Brexit: Nicky Morgan says push to stay in EU single market 'only sensible way forward'

Norway has opened the door for UK membership of the EEA, saying it would "cope very well if the Brits come in"

Lizzy Buchan
Political Correspondent
Monday 14 May 2018 14:51
What is still needed to complete a deal with the EU?

A leading Tory rebel has backed efforts to effectively keep Britain in the single market, in a sign of growing support for the plan among pro-EU MPs.

Former cabinet minister Nicky Morgan said pursuing a Norway-style Brexit through membership of the Economic European Area (EEA) was the “sensible way forward” after the Norwegian prime minister indicated the country would be open to the idea of UK membership.

Rebel peers in both Labour and Tory ranks defied their leaders to defeat the government on the issue in the Lords last week, meaning MPs will now vote on whether to take the plan forward.

Speaking at a cross-party event aimed at softening the Brexit terms, Ms Morgan urged MPs to “resist the siren voices” that suggest Britain can get exactly the same benefits outside of the customs union and the single market.

Labour ex-foreign secretary David Miliband also weighed in, saying he was "baffled" by Jeremy Corbyn's decision to oppose the move and warned the Labour leader risked becoming the "midwife of a hard Brexit".

Norway’s government suggested in the past that it might block Britain's membership of the EEA but prime minister Erna Solberg has now said that Norway would "cope very well if the Brits come in".

Ms Morgan told an audience at the Tilda rice factory, in Essex, that Norway's intervention was "very significant" in the debate around the terms of Britain's exit from the EU.

She said: “If we are not going to get this deep and comprehensive free trade agreement the Prime Minister has talked about and David Davis has talked about, then the EEA has to be a sensible way to go forward and the Lords are right to put it back on the agenda.

“I certainly will be looking at it - I think it’s something I will be likely to support - and I think it provides a big answer to the City of London in terms of the worries.”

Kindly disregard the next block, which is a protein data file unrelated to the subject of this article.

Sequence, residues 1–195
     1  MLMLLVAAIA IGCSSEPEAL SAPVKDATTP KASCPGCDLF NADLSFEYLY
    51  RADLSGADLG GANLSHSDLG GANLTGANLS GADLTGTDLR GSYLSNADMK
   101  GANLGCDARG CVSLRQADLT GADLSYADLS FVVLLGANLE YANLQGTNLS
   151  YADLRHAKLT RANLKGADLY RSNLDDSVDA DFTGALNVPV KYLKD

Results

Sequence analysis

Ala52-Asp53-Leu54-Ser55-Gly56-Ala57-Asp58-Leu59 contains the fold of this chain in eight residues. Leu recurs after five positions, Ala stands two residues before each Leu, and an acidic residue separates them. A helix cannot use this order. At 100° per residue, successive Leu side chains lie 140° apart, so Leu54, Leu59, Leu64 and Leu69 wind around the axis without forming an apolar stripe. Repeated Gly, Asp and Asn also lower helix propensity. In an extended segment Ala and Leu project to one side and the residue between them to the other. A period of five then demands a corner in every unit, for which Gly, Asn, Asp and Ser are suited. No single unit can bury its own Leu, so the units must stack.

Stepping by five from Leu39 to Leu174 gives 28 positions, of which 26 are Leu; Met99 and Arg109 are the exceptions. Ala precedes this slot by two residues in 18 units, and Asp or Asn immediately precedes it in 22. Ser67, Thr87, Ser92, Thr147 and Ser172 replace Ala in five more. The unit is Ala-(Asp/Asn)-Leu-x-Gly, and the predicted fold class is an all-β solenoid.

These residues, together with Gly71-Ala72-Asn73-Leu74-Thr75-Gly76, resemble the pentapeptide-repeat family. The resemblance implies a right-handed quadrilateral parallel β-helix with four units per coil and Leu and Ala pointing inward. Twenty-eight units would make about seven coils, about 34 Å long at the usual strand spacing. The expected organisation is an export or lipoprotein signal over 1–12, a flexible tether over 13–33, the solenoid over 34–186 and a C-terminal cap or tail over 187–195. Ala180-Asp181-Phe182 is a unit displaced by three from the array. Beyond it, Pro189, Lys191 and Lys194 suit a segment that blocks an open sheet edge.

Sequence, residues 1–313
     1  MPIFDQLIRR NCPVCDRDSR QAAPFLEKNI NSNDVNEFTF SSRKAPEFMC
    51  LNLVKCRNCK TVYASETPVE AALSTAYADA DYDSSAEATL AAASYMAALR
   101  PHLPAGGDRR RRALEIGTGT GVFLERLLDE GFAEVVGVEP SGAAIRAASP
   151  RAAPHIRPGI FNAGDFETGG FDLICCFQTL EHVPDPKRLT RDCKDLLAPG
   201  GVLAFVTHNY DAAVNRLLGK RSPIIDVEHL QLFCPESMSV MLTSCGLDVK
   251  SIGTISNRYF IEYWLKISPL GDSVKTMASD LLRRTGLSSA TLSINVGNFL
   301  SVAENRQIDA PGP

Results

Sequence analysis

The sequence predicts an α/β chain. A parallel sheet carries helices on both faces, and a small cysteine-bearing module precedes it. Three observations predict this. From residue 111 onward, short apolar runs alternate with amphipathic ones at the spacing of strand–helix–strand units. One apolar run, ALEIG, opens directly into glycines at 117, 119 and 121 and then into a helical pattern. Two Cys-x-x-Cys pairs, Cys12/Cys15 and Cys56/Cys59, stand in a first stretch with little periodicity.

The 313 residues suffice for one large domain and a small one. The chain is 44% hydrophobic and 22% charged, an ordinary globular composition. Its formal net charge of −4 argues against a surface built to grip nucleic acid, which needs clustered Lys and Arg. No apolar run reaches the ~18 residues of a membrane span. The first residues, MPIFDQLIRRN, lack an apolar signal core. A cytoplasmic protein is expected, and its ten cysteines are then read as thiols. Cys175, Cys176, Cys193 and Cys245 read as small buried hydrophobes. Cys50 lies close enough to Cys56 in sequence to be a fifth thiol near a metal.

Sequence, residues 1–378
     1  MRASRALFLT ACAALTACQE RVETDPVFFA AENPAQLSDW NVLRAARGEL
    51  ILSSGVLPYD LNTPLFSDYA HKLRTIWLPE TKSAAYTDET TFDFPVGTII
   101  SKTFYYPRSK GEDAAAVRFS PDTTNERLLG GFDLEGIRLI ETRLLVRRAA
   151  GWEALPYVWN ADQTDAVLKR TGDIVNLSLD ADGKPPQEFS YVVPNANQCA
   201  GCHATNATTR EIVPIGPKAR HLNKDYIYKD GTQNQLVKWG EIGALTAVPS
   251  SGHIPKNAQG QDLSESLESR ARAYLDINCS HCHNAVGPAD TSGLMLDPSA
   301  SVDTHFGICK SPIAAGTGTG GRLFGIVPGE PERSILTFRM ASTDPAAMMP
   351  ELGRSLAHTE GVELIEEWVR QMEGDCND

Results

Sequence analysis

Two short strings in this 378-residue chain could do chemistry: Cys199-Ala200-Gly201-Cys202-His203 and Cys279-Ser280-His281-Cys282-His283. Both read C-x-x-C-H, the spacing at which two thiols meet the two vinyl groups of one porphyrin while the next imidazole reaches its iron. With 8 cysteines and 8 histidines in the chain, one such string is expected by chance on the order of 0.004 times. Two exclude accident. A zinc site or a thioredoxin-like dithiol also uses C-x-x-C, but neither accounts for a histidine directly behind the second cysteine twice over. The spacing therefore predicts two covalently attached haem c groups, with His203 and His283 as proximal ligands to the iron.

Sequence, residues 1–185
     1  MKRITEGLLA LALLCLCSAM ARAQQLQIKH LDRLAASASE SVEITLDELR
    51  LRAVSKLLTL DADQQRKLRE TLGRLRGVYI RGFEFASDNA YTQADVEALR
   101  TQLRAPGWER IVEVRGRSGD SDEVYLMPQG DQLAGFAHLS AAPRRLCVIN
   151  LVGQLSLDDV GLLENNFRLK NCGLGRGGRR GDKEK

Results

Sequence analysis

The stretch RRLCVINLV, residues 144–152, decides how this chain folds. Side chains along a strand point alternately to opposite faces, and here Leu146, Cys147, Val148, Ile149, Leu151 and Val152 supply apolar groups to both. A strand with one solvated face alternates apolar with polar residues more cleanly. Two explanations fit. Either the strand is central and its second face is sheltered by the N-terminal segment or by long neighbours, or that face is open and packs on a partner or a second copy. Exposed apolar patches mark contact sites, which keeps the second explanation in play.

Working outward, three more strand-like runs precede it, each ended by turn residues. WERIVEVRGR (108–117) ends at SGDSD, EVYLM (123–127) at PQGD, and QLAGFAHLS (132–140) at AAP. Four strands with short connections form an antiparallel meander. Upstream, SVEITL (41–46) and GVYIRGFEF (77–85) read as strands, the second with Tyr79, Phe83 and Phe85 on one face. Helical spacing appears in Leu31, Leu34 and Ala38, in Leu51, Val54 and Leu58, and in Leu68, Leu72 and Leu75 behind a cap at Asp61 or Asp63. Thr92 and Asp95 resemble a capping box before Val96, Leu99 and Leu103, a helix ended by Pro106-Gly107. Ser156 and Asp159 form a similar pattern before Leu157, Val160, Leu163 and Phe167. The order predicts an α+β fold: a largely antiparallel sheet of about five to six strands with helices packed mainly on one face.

Ms Morgan also condemned those who branded any Brexit critics as “a mutineer, a saboteur or a traitor” and revealed she would be giving evidence in court in a matter of weeks after receiving a death threat for her Brexit campaigning.

Mr Miliband, who lost out to his brother Ed in the 2015 leadership race, risked infuriating the Labour leadership by urging MPs to defy Mr Corbyn and support a successful Lords amendment to keep Britain in the EEA.

Hailing it as a "safe harbour", he added: "I am baffled about why the Labour leadership is so worried about supporting the EEA position.

"I fear the position that they have taken makes Jeremy Corbyn the midwife of a hard Brexit."

Rejecting the EEA would result in being "driven to a hard Brexit" which impedes trade and undermines employment and environmental standards, he suggested.

Mr Miliband, who now runs a refugee charity in New York, said: "I think there is a real onus on parliamentarians now, when the House of Lords amendment finally comes back to the House of Commons.

"You have seen many Labour peers who know the value of loyalty talking about the essence of doing the right thing this time and my own view is that peers are ahead of the party leadership when it comes to this EEA issue."

They were also joined by former Lib Dem deputy prime minister Nick Clegg, who said there was "complete bafflement" from EU leaders and politicians about the UK's approach.

The EEA tends to cover countries outside the EU who still adhere to the rules of the single market, such as Iceland, Lichtenstein and Norway, who are able to participate because of their membership of the European Free Trade Association.

Downing Street has consistently ruled out staying in the EU's single market and customs union and Labour also officially opposes such a move.

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